CentOS 7 is a community-supported clone of RHEL 7, and RHEL's kernel policy has long since been to freeze the kernel version at each major release (see https://access.redhat.com/articles/3078).
CentOS is built from the same sources as RHEL (only replacing logos, trademarks and similar copyrighted assets), so it reflects the same policy. Both the kernel's and the distribution's version numbering scheme has varied slightly through the years, but the principle is the same:
- RHEL 2.1 (GA and all Update levels 1-7) had kernel version 2.4.9
- RHEL 3 (GA and each Update level 1-9) had kernel version 2.4.21
- RHEL 4 (GA and each Update level 1-9) had kernel version 2.6.9
- RHEL 5.x (RHEL version numbering style change) had kernel version 2.6.18
- RHEL 6.x had kernel version 2.6.32
- RHEL 7.x has kernel version 3.10 (Linus changed the kernel release scheme: major releases are now x.y[.0], minor releases x.y.z)
- RHEL 8.x has kernel version 4.18
Wikipedia has a list of CentOS release dates and kernel versions: https://en.wikipedia.org/wiki/CentOS#CentOS_releases
In RHEL/CentOS, the kernel version number consists of two parts:
- the part before the dash is the upstream version number, referring to which kernel release this RHEL kernel is based on.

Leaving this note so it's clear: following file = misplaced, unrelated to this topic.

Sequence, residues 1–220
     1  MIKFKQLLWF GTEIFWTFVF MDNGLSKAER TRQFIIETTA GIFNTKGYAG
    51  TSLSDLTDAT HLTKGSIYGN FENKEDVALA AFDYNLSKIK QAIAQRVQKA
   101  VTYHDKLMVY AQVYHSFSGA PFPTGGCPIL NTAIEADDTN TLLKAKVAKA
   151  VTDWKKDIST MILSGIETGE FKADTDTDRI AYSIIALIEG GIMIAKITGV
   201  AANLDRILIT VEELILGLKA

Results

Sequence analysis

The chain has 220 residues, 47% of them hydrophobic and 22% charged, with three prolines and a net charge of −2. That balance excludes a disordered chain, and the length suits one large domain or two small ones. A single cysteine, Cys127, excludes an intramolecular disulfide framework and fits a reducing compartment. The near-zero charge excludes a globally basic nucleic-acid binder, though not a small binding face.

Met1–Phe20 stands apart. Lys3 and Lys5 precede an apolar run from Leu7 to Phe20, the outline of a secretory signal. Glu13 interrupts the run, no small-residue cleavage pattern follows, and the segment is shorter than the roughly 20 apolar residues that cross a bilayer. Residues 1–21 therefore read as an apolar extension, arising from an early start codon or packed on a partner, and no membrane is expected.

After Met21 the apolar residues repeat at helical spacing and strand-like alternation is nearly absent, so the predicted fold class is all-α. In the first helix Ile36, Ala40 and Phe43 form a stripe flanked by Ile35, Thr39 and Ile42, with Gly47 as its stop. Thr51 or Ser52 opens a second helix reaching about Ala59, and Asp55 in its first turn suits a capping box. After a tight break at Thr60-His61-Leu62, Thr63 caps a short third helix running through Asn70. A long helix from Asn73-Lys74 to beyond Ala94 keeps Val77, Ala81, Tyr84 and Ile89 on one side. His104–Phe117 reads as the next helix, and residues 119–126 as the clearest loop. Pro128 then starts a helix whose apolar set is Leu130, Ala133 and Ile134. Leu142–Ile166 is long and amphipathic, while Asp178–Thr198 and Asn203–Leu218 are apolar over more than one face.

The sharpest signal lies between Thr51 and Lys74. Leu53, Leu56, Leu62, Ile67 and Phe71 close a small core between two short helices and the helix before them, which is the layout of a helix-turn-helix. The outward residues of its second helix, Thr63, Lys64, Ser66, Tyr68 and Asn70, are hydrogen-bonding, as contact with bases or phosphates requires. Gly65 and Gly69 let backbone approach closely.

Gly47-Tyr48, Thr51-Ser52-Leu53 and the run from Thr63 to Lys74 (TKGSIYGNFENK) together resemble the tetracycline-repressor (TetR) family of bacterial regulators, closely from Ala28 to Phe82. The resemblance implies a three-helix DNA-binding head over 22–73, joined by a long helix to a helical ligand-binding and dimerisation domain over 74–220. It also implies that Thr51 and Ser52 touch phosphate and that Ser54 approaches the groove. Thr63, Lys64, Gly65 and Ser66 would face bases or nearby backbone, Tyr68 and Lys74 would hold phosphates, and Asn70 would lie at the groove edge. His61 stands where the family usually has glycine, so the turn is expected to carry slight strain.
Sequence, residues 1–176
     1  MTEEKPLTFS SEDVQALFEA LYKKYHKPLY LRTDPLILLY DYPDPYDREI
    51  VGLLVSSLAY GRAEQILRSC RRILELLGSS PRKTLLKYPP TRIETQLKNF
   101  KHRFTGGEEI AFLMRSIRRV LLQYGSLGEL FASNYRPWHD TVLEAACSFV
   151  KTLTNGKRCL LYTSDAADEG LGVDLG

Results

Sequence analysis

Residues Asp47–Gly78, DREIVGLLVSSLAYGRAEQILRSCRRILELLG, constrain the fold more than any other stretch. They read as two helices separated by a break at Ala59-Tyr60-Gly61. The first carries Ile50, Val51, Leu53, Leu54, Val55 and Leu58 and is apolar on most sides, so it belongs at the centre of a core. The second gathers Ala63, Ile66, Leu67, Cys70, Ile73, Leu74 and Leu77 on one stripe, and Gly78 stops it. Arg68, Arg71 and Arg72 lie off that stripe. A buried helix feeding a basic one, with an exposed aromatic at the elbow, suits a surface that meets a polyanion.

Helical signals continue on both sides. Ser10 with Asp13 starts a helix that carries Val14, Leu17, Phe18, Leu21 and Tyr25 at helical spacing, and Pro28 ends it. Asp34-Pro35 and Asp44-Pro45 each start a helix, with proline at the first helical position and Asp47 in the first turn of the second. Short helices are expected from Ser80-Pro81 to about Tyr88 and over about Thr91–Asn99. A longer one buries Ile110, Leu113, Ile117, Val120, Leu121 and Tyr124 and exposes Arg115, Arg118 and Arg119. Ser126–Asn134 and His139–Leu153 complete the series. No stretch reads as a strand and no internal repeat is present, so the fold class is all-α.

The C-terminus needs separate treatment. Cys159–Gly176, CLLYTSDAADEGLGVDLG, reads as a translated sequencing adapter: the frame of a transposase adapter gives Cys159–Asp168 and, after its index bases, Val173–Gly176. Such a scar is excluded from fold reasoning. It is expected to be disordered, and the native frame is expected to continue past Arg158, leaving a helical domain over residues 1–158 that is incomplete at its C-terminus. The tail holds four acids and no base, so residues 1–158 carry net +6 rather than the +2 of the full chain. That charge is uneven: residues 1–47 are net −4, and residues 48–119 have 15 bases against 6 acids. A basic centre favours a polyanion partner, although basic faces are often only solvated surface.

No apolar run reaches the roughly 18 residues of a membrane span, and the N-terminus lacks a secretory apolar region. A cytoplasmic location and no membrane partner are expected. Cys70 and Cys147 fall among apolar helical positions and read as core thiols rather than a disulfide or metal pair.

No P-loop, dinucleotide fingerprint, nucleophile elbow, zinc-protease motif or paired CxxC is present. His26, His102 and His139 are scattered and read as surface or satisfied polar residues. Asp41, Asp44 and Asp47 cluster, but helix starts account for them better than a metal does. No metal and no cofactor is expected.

- the part after the dash is the patch level, indicating the various backported bug fixes and hardware support patches added by Red Hat
By freezing the upstream version, Red Hat makes it easier for third-party driver developers to keep supporting a specific major release of Red Hat through its lifecycle, as major changes to internal kernel workings are avoided as much as possible. (Of course the fixing of a discovered security vulnerability may require major changes, as happened with the Spectre/Meltdown family of vulnerabilities in and after January 2018.)
3.10.0-693 would be the kernel version for CentOS 7.4 (released 2017-09-13), indicating that the CentOS 7.2 and 7.3 servers you see it in have had their kernels updated to the 7.4 level, although they may otherwise been frozen to a lower release level. That suggests the freezing of the release level might be for application support reasons (i.e. some third party application has an expensive support agreement that is valid only on particular release levels), and the kernel update may have been enforced by the virtualization framework requirements or mitigation of a serious security vulnerability.
The fact that CentOS versions 7.5 and higher also show the kernel version of 7.4 might be simply because those systems have not been rebooted after update, so those systems might have one or more updated kernel versions waiting to take effect at next reboot.
Since CentOS 7.4 and its kernel version 3.10.0-693 pre-dates the Spectre/Meltdown vulnerabilities which required fairly major kernel changes to mitigate, the kernel version indicates your systems are currently vulnerable to an entire class of Spectre/Meltdown-based attacks.
Note: I've had bitter experiences trying to use pre-Spectre/Meltdown versions of third-party drivers with post-Spectre/Meltdown kernels. So if you use third-party drivers, make sure they are updated appropriately too.
If your virtualization framework requires you to use a kernel provided by the virtualization host, contact the host administrators to find out what you need to do to get your VMs running a kernel that has the Spectre/Meltdown fixes.